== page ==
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Thursday, April 11, 2013

THE GREEN REVOLUTION OVERTAKES COSMETICS


Sustainability and greenness  take many forms.  I have a colleague who helped developed a best-selling sun block for Shiseido that I was told is based on marine algae.  These natural products are purported to improve your skin condition and could well be more comfortable.  I've used Anessa, and it feels like I'm not wearing sunblock.  Today, I again feature guest blogger Claire Wilkinson:


When it comes to cosmetics and personal care products, considerations of sustainability in everything from sourcing ingredients right through to packaging and disposal, are on the minds of the CEOs of the world’s most important cosmetic companies. The demand for natural and organic products has significantly increased over the past decade; research from consulting firm Kline & Company indicates that the demand is rising at an annual growth rate of approximately 13.9 per cent, and natural personal care products are predicted to achieve a growth of over $6 billion in 2015. Asia is currently the largest market for sustainable cosmetics, followed by Brazil, Europe, and the US.

Despite the promising statistics, the amount of synthetic and toxic ingredients in Pharmaceutical and Personal Care Products (PPCPs) continues to worry organisations like the Environmental Protection Agency in the US, which claims that that over three million tons of chemicals (including formaldehyde, phthalates and dioxin) are released into the environment on a yearly basis. Many of these toxins find their way into our bodies through contaminated fish; even nitro musks (shown to cause cancer in laboratory rodents) have appeared mother’s milk. Worst of all, we are far from comprehending the exact extent to which the thousands of chemicals dumped into the environment, are affecting our health.

From May 16 to 18 this year, the City of New York will be hosting one of the most important conferences in the green PPCP sector: the Sustainable Cosmetics Summit. The yearly event, which also takes place annually in Brazil, Europe and the Asia-Pacific region, brings together cosmetic giants, upcoming green companies, retailers, industry and certification organisations, researchers, academics and investors. Some of the most important issues which will be covered at this year’s event include:

* Sustainability Initiatives: The cosmetics industry needs to improve measurement techniques for its environmental impact and increase adoption rates of sustainable packaging. Companies like Natura Brasil reveal how measuring and reducing its carbon footprint have enabled it to become carbon neutral. Moreover, carbon emissions should be offset through investment in relevant projects such as reforestation.  Given the ban on animal-tested cosmetic products in Europe, the summit will also discuss alternative testing methods, which will be directly relevant to the myriad of countries expected to follow suit when it comes to prohibiting testing on animals.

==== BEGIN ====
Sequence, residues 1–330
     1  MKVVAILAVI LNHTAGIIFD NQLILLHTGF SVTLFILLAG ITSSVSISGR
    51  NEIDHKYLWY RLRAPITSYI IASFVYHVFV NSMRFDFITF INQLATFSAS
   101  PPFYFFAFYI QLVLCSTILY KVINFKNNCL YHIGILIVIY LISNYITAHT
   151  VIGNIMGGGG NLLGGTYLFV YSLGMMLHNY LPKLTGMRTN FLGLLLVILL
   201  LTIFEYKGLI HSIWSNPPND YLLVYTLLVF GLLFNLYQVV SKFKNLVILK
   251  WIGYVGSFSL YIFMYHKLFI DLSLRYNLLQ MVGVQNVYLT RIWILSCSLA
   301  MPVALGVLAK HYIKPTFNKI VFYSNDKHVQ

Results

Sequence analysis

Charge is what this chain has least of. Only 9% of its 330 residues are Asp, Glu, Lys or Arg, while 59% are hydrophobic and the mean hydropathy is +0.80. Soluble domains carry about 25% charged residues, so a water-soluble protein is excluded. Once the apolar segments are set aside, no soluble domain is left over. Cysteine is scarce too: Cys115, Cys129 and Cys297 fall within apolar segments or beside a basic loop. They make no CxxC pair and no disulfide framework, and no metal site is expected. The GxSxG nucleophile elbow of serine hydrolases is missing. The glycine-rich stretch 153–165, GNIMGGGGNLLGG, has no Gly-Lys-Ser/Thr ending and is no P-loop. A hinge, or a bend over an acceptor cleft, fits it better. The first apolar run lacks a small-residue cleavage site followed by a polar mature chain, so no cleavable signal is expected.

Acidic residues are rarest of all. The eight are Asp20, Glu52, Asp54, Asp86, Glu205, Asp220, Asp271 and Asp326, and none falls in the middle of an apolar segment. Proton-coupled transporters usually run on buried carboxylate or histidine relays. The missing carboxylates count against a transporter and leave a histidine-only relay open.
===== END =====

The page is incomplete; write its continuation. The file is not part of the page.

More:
* New Green Ingredients: These include new plant and marine raw ingredients, marine algae and products created using plant stem cells. Researchers have found that stem cells obtained from Uttwiler Sp├Ątlauber apples in Switzerland can stimulate human stem cell proliferation by 80 per cent and (when used alongside liposomes obtained from lecithin), their extract can decrease wrinkle depth by 15 per cent in four weeks. Stem cell technology boasts a host of advantages for when it comes to sustainability: it eliminates the need for deforestation and genetic modification, involves a minimal use of water, and does not require the use of pesticides, herbicides, or heavy metals.  The Summit will also feature an interactive workshop focusing on the technical difficulties involved in using green ingredients. Practical advice will be given on how to use new alternative like natural preservatives, emulsifiers, emolients, etc.

* Consumer Behavior: The highest environmental impact of cosmetic products is cause by a conjunction of: the sourcing of raw materials, the way products are used and finally, the way they are disposed of. In the same way that improperly disposing of medication leads to a dangerous build-up of toxic waste – which finds its way to our water supply and is a serious threat to wildlife and agriculture – a lack of consumer awareness about how to use and eliminate cosmetic products causes immense environmental damage. PPCP companies should encourage customers to return unused beauty products to their pharmacist rather than flush them down the toilet or otherwise introduce them into the water supply. Moreover, consumers need to be educated on the effects of different ingredients, so they avoid purchasing products containing toxic solvents, petroleum or hydrocarbons. Purchasers should also opt for products with biodegradable packaging and, as a whole, they should aim to use cosmetic and personal care products more sparingly.

*Marketing Developments: Many buyers are unaware of what a truly natural product is, or of the importance of supporting natural, organic PPCP firms. In areas like Eastern Europe, there is a markedly lower level of interest in sustainable cosmetics. Successful marketing strategies should comprise a number of clearly defined requisites, including transparency, respect for FDA standards and clear product labeling, and should target countries which have a long way to go in terms of environmental awareness.  
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